Mental health experts first recognized seasonal affective disorder (SAD) — or depression that follows a seasonal pattern — in 1987. Some recent research has called SAD into question. What’s with the clashing theories? What do U.S. healthcare experts say, as of today? And how do people treat SAD? Read on.
Both culturally and clinically, most people have accepted SAD as a type of depression since it was added to the Diagnostic and Statistical Manual of Mental Disorders (DSM) about 30 years ago.
But in January 2016, the journal Clinical Psychological Science published the results of a large-scale U.S. survey that questioned the validity of SAD. The authors’ conclusion? “Depression is unrelated to latitude, season, or sunlight. Results do not support the validity of a seasonal modifier in major depression. The idea of seasonal depression may be strongly rooted in folk psychology, but it is not supported by objective data.” The authors recommended that mental health professionals should possibly stop officially recognizing a seasonal aspect in the diagnosis of major depression.
The DSM (diagnostic manual) still includes SAD, but the 2016 survey led some psychological experts to declare that there’s “no evidence that levels of depressive symptoms vary from season to season.” It also caused some confusion about the legitimacy of SAD in the media, and led to headlines like “Seasonal affective disorder is probably a myth” and “SAD doesn’t exist — here’s the science.”
While no one is questioning the validity of depression as a diagnosis or real condition, the 2016 study has muddied the waters around whether depression may be associated with seasons.
Tip: PatientsLikeMe is a great place to track how you’re feeling each day and look back at previous seasons or years to spot any possible trends (and share them with your doctor or provider).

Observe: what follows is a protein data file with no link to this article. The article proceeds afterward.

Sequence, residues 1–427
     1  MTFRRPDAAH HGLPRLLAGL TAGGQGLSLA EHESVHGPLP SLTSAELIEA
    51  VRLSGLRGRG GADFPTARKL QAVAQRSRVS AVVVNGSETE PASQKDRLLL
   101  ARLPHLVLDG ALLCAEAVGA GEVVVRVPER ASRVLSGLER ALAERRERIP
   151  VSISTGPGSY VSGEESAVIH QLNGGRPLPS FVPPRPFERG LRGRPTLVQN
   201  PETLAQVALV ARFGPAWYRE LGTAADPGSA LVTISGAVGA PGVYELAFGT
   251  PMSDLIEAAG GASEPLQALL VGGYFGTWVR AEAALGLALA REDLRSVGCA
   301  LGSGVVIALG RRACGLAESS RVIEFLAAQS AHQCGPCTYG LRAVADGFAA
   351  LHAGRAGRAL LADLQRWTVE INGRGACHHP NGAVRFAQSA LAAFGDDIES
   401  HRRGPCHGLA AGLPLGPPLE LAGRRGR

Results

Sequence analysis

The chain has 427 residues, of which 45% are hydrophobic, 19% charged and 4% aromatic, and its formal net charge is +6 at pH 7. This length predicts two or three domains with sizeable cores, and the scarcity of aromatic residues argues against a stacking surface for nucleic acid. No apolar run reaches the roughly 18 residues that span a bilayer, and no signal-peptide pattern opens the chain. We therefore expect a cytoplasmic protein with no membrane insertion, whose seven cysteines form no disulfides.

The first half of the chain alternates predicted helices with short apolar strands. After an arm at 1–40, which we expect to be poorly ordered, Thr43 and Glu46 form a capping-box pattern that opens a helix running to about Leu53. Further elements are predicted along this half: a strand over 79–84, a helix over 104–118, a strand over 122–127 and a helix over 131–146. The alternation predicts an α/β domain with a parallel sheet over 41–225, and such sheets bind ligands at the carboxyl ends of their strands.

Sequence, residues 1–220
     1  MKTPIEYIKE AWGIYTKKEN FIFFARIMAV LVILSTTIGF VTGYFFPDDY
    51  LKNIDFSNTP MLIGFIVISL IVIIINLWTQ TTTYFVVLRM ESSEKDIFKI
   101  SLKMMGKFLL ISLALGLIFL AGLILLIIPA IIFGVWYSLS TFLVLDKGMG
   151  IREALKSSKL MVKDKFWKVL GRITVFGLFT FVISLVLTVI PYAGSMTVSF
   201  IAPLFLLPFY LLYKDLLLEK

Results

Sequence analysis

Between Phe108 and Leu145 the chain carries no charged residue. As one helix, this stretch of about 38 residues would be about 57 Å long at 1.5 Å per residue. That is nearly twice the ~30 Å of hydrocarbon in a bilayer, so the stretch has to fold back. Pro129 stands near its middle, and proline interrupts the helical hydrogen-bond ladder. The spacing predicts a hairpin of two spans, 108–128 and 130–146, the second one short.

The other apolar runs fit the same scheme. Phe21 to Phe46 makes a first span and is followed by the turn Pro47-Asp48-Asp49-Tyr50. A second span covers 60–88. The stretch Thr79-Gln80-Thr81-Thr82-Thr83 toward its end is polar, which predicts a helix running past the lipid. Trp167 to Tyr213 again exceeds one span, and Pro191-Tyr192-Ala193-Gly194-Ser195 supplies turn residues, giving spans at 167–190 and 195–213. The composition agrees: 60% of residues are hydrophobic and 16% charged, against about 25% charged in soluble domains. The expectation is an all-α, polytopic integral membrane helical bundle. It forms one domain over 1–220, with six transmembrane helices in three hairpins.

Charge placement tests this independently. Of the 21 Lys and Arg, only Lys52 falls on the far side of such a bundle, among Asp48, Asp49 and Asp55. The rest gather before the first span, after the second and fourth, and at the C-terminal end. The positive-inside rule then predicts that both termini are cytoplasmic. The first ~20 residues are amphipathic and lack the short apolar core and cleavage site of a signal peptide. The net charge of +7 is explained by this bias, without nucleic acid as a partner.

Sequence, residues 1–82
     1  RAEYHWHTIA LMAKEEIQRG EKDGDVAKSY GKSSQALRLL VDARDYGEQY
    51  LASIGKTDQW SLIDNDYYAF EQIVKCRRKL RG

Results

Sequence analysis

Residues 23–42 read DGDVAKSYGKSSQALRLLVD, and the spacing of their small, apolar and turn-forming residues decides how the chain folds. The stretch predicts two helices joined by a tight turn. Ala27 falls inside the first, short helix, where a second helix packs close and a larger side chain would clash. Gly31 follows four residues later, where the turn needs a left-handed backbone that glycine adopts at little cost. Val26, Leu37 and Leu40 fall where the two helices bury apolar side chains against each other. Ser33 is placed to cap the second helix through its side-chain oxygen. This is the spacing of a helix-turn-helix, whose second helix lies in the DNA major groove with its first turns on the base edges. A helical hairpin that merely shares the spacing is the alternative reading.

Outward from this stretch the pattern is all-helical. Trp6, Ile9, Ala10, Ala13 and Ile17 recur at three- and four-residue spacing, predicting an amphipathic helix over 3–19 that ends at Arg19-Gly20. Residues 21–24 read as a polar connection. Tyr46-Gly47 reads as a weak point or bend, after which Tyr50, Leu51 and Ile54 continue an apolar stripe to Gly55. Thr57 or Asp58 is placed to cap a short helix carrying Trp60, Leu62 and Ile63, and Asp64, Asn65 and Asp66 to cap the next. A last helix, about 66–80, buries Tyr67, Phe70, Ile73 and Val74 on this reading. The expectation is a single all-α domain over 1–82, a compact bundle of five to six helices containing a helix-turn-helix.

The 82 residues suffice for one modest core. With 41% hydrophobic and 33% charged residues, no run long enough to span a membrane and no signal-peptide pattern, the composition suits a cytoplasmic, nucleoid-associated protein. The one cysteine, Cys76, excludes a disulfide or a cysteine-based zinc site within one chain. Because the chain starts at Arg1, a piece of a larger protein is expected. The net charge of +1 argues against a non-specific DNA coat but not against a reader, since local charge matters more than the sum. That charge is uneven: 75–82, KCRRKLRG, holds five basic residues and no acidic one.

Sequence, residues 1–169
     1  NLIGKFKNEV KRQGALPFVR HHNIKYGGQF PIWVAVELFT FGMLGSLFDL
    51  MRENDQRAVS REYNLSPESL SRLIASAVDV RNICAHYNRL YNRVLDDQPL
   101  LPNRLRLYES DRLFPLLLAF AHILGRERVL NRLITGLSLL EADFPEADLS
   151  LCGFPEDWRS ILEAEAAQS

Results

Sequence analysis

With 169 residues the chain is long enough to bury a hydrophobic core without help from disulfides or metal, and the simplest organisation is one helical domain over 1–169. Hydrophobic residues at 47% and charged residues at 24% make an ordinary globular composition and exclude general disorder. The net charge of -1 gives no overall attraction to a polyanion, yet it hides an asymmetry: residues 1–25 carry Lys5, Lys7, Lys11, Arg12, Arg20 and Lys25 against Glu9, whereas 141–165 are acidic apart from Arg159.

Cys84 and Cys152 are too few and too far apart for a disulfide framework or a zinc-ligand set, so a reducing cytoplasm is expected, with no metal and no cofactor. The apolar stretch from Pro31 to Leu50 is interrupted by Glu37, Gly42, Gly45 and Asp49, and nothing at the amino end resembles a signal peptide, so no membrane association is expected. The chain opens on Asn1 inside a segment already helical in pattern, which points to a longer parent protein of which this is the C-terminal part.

NIHM: SAD is real, let’s tweet about it
The National Institute of Mental Health (NIMH) still considers SAD a legitimate type of depression, and outlines the symptoms, risk factors and treatments here. It’s so real (and important) that they recently hosted a Twitter chat on the topic of SAD (see an archive of the chat here for non-Twitter users). Psychiatrist Matthew Rudorfer, M.D., chief of the Somatic Treatments Program at NIMH, helped answer questions in the chat on Feb. 20.
Some key stats and facts shared in the Twitter chat?
- The exact causes of SAD are unknown. Researchers have found people with SAD may have imbalance of serotonin, a chemical that affects mood. Their bodies also make too much melatonin (a hormone that regulates sleep), and not enough vitamin D.
- Regionally, the rates of SAD increase with more northern latitude in the U.S. For example, rates of SAD ranges from slightly over 1% in Florida to 9% in New England or Alaska. [The 2015 study NIMH cites seems to contradict the findings of the 2016 survey that found no correlation with latitude or season.]
- SAD typically hits in the late fall and early winter and goes away during the spring and summer, but depressive episodes linked to the summer can occur (yet they’re less common)
- SAD is diagnosed four times more often in women than men.
The bottom line? “Seasonal affective disorder is a form of depression, a serious illness,” NIHM says. “If you or someone you know may have depression, talk to a health care provider. Don’t try to treat depression on your own with dietary supplements or other products.”
NIMH says there are four major types of treatment for SAD, which may be used alone or in combination (talk with a doctor or licensed mental healthcare provider to make a treatment plan):
- Light therapy
- Vitamin D
On PatientsLikeMe, more than 800 people say they have seasonal affective disorder, with nearly 200 of them saying SAD is their primary condition. The treatment that members with SAD have reported the most frequently is light therapy.
What’s your experience with SAD or seasonal depression? Do you think SAD is its own type of depression? Join PatientsLikeMe to talk about topics like this with with our mental health community, including 20,000+ people living with depression.
Share this post on Twitter and help spread the word.